My other homeland I never knew...
02.23.2012 - 02.28.2012 35 °C
What a shame that I was simply transiting through Malaysia with no proper intention of discovering it. I have since made a mental note to rectify my error with a return in the future.
I left Krabi to Kuala Lumpur, Malaysia’s capital, on the most luxurious bus ever, it was a double decker with wide seats which swallowed me whole and actual foot rests that popped up like a Lazy Boy. In fact I wouldn’t be surprised if these were Lazy Boy chairs. AND there was only a total of 3 whole seats across. Pure luxury. If you hadn’t already notice, let me bring to light the festive Christmas colour theme.
The overnight bus dropped us off near Chinatown at 5:30am
I enjoyed a veggie breakfast at KFC (weird concept) while searching for possible accommodations on their free wi-fi. I started to roam the streets and came across some very bizarre,… well bazaars.
Some appeared to sell proper packaged goods, but most seem to have just emptied out a box of goods full of random items from the house; like a single shoe or dirty jeans. This stretched on for several blocks and side alleys.
It was very strange as it was a Friday morning and I never saw it again in the other 2 mornings while in KL. (That’s the lingo everyone seems to use for Kuala Lumpur, I never got the memo but now I know).
The accommodation I settled on was called Grocer's Inn which later I found out via a free walking map touring old KL that it was a historic building. Constructed at the turn of the 20th century it had a great European flare and was indeed quite lovely. This was a different kind of surprise, I found it right by the reception welcoming all guests: a decrepit skeleton of a gecko somehow still maintaining its steadfast hold on the wall.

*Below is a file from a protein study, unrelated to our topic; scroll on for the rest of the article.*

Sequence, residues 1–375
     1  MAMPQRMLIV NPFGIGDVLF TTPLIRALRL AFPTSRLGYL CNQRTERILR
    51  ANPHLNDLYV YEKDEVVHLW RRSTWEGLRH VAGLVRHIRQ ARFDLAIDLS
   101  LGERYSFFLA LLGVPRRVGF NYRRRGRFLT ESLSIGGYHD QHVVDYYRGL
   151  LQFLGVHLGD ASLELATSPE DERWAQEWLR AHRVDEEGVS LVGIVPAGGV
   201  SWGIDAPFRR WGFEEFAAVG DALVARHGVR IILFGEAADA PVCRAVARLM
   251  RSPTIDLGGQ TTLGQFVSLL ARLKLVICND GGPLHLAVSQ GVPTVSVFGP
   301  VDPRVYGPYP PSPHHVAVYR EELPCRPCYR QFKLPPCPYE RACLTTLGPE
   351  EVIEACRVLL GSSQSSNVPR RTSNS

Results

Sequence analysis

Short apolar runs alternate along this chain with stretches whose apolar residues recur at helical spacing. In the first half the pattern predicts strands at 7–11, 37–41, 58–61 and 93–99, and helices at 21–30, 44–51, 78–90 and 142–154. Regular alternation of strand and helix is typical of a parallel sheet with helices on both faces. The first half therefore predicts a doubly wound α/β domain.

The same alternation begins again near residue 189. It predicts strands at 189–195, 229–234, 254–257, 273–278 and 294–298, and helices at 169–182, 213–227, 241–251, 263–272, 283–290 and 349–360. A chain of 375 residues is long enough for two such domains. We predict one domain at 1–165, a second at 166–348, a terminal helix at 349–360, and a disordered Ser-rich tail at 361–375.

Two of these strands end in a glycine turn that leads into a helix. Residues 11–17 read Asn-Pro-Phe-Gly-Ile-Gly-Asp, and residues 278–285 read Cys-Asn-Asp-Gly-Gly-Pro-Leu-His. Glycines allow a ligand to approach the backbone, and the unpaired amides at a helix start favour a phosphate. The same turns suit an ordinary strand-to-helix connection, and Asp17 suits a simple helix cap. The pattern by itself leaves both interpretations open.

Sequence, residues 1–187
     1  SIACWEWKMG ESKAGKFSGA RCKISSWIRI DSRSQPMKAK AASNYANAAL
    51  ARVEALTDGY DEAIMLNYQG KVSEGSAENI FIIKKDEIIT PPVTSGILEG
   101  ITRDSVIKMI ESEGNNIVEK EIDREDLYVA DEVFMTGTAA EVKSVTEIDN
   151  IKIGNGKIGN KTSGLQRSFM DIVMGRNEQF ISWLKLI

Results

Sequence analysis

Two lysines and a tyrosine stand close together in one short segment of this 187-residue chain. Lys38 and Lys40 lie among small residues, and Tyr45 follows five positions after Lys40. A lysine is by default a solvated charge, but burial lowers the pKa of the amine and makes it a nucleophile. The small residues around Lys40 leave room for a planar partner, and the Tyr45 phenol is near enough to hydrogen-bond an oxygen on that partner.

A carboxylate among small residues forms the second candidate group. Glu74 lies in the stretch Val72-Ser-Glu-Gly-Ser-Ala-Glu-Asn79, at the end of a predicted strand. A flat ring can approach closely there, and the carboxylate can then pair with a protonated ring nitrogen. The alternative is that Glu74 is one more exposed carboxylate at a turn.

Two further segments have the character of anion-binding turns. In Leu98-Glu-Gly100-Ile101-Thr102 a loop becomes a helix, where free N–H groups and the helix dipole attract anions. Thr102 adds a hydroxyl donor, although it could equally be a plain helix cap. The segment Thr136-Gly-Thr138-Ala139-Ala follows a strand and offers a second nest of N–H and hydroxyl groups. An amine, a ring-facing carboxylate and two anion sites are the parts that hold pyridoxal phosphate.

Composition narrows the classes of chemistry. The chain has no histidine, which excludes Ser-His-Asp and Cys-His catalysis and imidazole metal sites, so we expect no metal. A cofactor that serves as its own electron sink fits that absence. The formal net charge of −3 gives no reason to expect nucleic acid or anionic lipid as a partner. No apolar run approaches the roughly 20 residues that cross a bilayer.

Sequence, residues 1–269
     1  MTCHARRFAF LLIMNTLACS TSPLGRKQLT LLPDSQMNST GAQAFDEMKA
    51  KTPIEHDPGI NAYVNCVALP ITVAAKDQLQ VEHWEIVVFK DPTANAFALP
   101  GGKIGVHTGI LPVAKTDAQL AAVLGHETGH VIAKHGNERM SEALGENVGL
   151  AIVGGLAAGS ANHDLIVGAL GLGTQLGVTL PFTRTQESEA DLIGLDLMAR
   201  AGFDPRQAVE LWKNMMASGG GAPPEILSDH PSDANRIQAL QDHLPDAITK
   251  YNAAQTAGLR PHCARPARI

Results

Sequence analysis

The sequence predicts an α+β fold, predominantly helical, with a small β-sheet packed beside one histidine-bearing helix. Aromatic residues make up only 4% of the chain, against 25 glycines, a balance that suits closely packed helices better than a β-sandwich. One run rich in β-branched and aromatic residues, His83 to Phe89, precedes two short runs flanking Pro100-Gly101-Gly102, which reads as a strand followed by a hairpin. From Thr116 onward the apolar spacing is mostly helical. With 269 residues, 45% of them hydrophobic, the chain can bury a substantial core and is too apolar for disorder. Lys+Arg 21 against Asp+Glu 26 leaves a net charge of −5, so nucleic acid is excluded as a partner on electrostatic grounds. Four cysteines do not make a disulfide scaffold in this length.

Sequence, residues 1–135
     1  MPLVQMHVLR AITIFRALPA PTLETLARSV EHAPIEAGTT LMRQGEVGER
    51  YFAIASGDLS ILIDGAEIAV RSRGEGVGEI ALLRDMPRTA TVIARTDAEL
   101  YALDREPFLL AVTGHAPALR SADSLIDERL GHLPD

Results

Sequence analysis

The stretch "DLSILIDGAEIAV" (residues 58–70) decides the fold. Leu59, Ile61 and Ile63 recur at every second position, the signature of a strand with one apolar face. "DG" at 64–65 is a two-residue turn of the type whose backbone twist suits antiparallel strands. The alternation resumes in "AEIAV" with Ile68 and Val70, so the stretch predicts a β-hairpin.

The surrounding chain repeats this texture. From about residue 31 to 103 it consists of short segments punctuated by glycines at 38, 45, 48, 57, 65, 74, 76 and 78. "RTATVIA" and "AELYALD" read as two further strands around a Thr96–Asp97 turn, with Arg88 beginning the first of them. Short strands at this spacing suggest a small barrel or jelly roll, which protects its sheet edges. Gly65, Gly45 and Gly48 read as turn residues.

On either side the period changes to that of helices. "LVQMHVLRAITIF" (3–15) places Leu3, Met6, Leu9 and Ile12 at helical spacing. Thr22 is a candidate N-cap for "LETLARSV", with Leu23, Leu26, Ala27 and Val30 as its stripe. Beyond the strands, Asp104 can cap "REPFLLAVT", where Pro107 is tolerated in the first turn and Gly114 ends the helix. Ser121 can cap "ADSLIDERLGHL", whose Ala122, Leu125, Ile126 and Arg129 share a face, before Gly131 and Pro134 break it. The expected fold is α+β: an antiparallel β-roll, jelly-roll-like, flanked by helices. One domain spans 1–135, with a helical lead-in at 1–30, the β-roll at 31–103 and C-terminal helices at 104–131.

The walking tour map was a wealth of information, but I kept straying from it. Here are some of the highlights I noted:
Dried goods. A very fishy smell, but I grew up loving the scent & taste of fish and strangely find the scent pleasant.
The very ornate Sri Mahamariamman Temple, the oldest Hindu temple in KL.
Here’s a close up
The British occupation left behind beautiful and now historic structures. It’s not very visible but it was raining in the picture. The 3 days I spent here, it rained very hard for no more than an hour and always between 2:00 and 2:30pm.
The chants from the Jamek Mosque were blared over extremely powerful speakers. Its deep bass wails lured me easily from a distance of 1km away. The walking tour map indicated these were the only wild palms left in the city and gave it a very special look.
The ever bustling Petaling Street, the heart of Chinatown.
KL Tower set amidst a large patch of rainforest in the city center. As soon as I stepped foot under the arched entry, I was attacked by mosquitoes. The bite count was up to 5 within my first minute. Waaahhhhh!!
The thickest bamboo trunks I’ve come across, most have been thin, perhaps the girth of a person’s wrist. These were much, much thicker.
The Petrona Twin Towers. They truly were an impressive sight. Here they are by day.
And by night. It was spitting rain and slightly overcast and wisps of clouds swirled about the tall peaks.